Thursday, 5 September 2013

Does Your Marriage Have a Barometer?

In their book The Marriage App Paul and Virginia Friesen suggest that couples would do well to have a way of assessing how they are doing as a couple.  They share their own personal example in the following:

Virginia and I find that how we take critique from each other is a barometer of our marriage.  When we are doing well and I am feeling respected by Virginia, she can critique me and I welcome it.  When we are not doing well, however, she could tell me something as simple as (You have a piece of lettuce in your teeth) and I would snap, “Why do you always have to be so negative?”

 

I think this is a powerful habit to incorporate into your marriage.  In fact you may want to have several barometers that provide feedback as to how well things are going between the two of you.  My wife came up with a really good one for us – are we laughing a lot.  Neither my wife nor I are big on telling jokes however we find a great deal of humor in everyday life.   If we look back over the course of a week and realize that we had very few laughs we need to ask ourselves “what’s going on?”  Perhaps we are taking ourselves too seriously or getting caught up in the busyness of life and neglecting our relationship.

I would encourage you to sit down with your husband/wife and come up with tangible indicators that could be used to assess how you are doing as a couple.  One of the most obvious barometers is what’s happening in the bedroom and/or other indications of intimacy and affection.  Are you kissing as much as you do when things are going well?  Do you hold
hands, hug or give each other shoulder massages as frequently as you do when you are feeling close. Perhaps when things are going well you pray together or read to each other but when tension or busyness set in those practices get ignored.


 Once you identify your barometers determine how frequently you will check them and who has the responsibility.  If you have more than one barometer perhaps you would divide the responsibility so that each of you is accountable to the other for keeping your marriage vital.

 

Tuesday, 3 September 2013

Internal GPS

If there is anyone more directionally challenged than my wife it would be me.  On our third date we got lost in a parking lot, we couldn’t find our way out.  Based on that confession you would wonder why I of all people would have the audacity to question our Garmin GPS.  Because it has been wrong, because it doesn’t seem to know my right from my left, because I paid huge bucks for upgraded maps and got nothing upgraded and it has a degrading way of telling me that it is recalculating because I missed a turn.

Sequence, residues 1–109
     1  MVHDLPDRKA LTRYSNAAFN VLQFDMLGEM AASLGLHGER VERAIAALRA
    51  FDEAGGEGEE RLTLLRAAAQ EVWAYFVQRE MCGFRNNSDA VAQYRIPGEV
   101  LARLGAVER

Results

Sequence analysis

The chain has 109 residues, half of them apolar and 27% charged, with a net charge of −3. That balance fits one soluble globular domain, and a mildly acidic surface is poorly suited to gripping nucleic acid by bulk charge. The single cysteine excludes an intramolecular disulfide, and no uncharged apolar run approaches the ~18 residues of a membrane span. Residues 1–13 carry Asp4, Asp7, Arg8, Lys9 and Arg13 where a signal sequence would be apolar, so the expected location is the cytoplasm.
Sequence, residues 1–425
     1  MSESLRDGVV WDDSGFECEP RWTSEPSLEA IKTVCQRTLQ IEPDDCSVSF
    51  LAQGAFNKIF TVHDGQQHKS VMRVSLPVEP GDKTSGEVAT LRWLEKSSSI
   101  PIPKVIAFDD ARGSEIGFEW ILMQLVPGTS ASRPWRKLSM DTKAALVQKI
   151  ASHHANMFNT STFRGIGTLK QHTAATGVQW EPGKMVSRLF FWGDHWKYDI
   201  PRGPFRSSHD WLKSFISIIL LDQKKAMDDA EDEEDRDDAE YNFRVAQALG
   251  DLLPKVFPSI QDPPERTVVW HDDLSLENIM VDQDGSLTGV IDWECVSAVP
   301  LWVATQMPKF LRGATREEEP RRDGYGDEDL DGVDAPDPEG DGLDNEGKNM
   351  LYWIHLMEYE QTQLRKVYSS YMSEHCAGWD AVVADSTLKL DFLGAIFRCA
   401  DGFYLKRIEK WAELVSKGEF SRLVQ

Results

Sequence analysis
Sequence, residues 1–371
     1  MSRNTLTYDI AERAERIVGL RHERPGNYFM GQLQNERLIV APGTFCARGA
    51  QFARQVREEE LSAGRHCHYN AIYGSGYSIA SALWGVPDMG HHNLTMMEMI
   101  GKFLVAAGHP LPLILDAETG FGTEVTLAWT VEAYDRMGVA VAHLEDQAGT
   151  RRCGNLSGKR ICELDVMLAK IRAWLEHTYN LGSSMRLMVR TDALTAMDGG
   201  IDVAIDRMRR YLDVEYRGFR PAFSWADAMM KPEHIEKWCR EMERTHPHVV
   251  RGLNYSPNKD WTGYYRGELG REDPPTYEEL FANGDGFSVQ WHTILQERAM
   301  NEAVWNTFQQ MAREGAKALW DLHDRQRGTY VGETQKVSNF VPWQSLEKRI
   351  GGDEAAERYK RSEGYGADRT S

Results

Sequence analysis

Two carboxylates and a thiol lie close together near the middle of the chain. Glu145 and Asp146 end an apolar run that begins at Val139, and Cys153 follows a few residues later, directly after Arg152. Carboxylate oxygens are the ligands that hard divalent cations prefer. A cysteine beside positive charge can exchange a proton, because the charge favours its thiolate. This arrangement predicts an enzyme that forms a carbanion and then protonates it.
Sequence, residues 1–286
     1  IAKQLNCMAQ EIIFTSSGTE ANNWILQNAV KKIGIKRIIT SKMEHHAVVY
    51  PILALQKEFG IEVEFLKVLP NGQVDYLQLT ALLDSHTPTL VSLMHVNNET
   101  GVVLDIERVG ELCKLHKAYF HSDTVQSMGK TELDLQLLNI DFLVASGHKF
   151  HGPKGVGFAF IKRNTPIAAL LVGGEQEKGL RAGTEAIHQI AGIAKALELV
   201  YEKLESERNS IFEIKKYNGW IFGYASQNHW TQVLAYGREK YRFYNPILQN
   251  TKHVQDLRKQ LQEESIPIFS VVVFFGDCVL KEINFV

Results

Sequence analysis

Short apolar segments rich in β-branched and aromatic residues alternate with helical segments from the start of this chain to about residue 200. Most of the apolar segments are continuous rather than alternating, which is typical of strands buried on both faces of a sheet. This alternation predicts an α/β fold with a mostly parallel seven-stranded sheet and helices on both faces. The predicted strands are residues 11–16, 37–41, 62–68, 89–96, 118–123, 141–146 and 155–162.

Sorry for that rant, I just felt I needed to tell someone.  This example however reminds me that my internal GPS, the one that tells me where to go and how to get there is not always reliable either.  The following guidelines were offered by Mary May Larmoyeux of Family Life.

1.    Overconfidence is not a good thing. "Pride goes before destruction." Proverbs 16:18.  Until I became more mature (defined as so old my pride was gone) I hate to admit it but even though I was lost I would never stop and ask for directions.  Men tend to treat marriage counseling or finding a mentor couple the same way.  Even though they are aware that things are not right they are not willing to stop and ask for help.

2.    You will reap the consequences of your actions.  Thus says the Lord God: Because you have forgotten me and cast me behind your back, you yourself must bear the consequences ..." Ezekiel 23:35

3.    God wants us to follow all of the directions that He gives for life (His Word). "So you shall remember and do all my commandments, and be holy to your God." Numbers 15:40.  Perhaps since the Bible is not arranged by topic most guys assume that they couldn’t find a specific verse to help them even if they tried.  However as the author of the instruction manual for human beings and their relationships we would do well to seek His will.

  
4. It's never too late to turn around. "Tormented and empty are wicked and destructive people, but the one who trusts in the Eternal is wrapped tightly in His gracious love.." Psalm 32:10 (The Voice)  One of the greatest privileges that comes with being a Christian is that no matter how bad things get or no matter how much we screw up (that is a theological term I learned in a locker room) God is willing and able to make all things work together for good.  There is no disease He can’t heal, no sin that Christ’s blood hasn’t covered, and no circumstance that God can’t use for His ultimate purpose.